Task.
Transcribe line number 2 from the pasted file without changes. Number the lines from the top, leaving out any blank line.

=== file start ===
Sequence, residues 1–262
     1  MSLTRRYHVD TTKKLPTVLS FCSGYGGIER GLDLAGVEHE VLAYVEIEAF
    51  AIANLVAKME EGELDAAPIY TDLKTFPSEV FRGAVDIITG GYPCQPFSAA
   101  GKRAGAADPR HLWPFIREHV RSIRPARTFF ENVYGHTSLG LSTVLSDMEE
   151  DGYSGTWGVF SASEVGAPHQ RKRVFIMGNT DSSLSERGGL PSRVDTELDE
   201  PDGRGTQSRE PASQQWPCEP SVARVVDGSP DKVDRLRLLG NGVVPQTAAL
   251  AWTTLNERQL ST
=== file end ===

     1  MSLTRRYHVD TTKKLPTVLS FCSGYGGIER GLDLAGVEHE VLAYVEIEAF